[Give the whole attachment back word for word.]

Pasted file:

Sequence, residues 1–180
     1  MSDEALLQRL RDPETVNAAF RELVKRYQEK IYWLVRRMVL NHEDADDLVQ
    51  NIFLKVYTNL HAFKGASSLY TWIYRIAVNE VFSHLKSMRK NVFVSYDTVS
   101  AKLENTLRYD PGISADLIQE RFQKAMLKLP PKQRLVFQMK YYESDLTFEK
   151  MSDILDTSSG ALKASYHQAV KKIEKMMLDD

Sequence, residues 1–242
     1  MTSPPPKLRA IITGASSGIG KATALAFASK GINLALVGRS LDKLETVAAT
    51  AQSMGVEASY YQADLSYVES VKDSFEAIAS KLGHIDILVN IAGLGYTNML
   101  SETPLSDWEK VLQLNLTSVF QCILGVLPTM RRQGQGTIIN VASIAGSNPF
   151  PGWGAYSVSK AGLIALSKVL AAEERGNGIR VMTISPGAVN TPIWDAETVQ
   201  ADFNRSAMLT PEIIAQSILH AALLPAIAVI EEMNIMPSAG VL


Sequence, residues 1–180
     1  MSDEALLQRL RDPETVNAAF RELVKRYQEK IYWLVRRMVL NHEDADDLVQ
    51  NIFLKVYTNL HAFKGASSLY TWIYRIAVNE VFSHLKSMRK NVFVSYDTVS
   101  AKLENTLRYD PGISADLIQE RFQKAMLKLP PKQRLVFQMK YYESDLTFEK
   151  MSDILDTSSG ALKASYHQAV KKIEKMMLDD

Sequence, residues 1–242
     1  MTSPPPKLRA IITGASSGIG KATALAFASK GINLALVGRS LDKLETVAAT
    51  AQSMGVEASY YQADLSYVES VKDSFEAIAS KLGHIDILVN IAGLGYTNML
   101  SETPLSDWEK VLQLNLTSVF QCILGVLPTM RRQGQGTIIN VASIAGSNPF
   151  PGWGAYSVSK AGLIALSKVL AAEERGNGIR VMTISPGAVN TPIWDAETVQ
   201  ADFNRSAMLT PEIIAQSILH AALLPAIAVI EEMNIMPSAG VL